By Jason Keidel

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I’ve somehow morphed into your Manny/Mayweather correspondent. Or Mayweather/Manny correspondent.

The scary part is that that matters. In the endless nuance, childish pride, and politics of the most-publicly and endlessly negotiated sporting event in human history, semantics matter. More than the money, more than the fight, more than legacy. But it’s time for the clowning to stop, and it’s time to sign the fight. If you think of it, has anyone ever worked so hard to not make $120 million?

We were told Manny balked at rabid, rampant drug testing. Then he agreed. Still no fight.

We were told Mayweather wanted more money than Manny. Then he agreed. Still no fight.

We were told the dueling cable entities couldn’t get along. Then Showtime and HBO figured a way to do a dual broadcast. Still no fight.

We were told Mayweather had to be the A Side. Then Manny agreed to be the B Side. Still no fight.

We were told the two met in Miami, on a basketball court. Then the meeting spilled into Manny’s hotel suite. Still no fight.

We understand the dynamic of the tease. Radio and television hosts assure us they’re about to drop a bomb on us AFTER the commercial break. Job done. We’re sufficiently frothing, wiping the drool from our collective chins.

Now we’re hearing that the deal is all but done. The only thing missing is the mystical signature of Mr. Mayweather.

As is always the case with this supreme Alpha Male, Mayweather wants to announce it, at his time, on his turf, and his terms.

To paraphrase the iconic Nike mantra, Just Do It, Floyd. We’ve been amply teased and tormented. Millions of Americans are ready to jam the PPV button to the tune of a record $80 to $90 per consumer. You’re assured $100 million minimum, and up to $140 million.

You’ve got the A Side you so lusted for, the top perch on the glittering marquee. You got Pacquiao to concede every point, including weight, date, town, time, and testing. He’s even agreed to your exact contours of the leather gloves.

So if you must ride in on a lion, like Katy Perry, leap from a helicopter, or roller blade down Las Vegas Boulevard with bricks of cash taped to your body, just do it. Please.

It’s not only Manny Pacquiao who needs this fight. You need it. And we need it. Maybe Pac Man owes the IRS half his check, but you owe us this fight, Floyd. And you owe it to boxing, the sport that made you obscenely rich, plucked you from the slums of Grand Rapids and plopped you into your McMansion. The sweet science gave you the wealth and women and conga line of luxury cars.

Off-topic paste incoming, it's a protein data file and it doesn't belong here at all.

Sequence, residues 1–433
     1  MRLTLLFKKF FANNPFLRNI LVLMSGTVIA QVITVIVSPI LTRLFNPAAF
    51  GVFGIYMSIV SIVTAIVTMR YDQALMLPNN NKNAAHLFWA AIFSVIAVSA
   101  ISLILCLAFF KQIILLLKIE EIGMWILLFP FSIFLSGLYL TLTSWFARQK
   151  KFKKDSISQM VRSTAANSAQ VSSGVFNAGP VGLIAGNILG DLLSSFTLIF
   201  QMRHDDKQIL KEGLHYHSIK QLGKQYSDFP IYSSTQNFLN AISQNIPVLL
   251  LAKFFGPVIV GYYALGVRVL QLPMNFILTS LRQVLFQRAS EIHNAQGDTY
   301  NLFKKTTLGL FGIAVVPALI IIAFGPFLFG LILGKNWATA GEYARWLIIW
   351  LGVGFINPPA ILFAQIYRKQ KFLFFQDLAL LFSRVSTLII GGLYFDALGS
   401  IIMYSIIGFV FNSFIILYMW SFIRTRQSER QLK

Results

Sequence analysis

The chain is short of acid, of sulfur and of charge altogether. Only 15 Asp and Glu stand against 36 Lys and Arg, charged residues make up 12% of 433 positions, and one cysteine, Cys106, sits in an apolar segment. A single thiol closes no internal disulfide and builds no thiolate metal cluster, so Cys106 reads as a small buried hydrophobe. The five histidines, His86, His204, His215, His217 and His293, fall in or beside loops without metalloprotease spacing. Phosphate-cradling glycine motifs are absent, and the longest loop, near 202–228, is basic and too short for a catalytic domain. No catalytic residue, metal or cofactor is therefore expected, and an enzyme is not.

And you’ve earned it. While most fighters plunge down the trap doors of celebrity, you remain sober, clean, and cogent. You’ve climbed into endless rings and the rungs of capitalism, emerging undefeated, at least inside the squared circle.

Life has tried to teach you a few lessons. You’ve made a few appearances on the police blotter, spent some time behind bars. But that’s almost pro forma in pro fighting. And we’d like to think you’ve gleaned some knowledge, inhaled some humility. Signing this fight will show us you’ve grown up.

Boxing has always been the street salvation, where some avuncular professor takes the class clown and turns him into world champ. In this case, the avuncular figure is indeed your uncle. You’re talking to your dad again. You view the world from the high orbit of limitless wealth. You should be placing the cherry on top of your delicious legacy.

But that can only happen if you fight Manny Pacquiao. If you can’t think of a reason to do it, we can think of 120 million reasons. Just do it, Floyd.

Twitter: @JasonKeidel

***

Jason writes a weekly column for CBS Local Sports. He is a native New Yorker, sans the elitist sensibilities, and believes there’s a world west of the Hudson River. A Yankees devotee and Steelers groupie, he has been scouring the forest of fertile NYC sports sections since the 1970s. He has written over 500 columns for WFAN/CBS NY, and also worked as a freelance writer for Sports Illustrated and Newsday subsidiary amNew York. He made his bones as a boxing writer, occasionally covering fights in Las Vegas, Atlantic City, but mostly inside Madison Square Garden.

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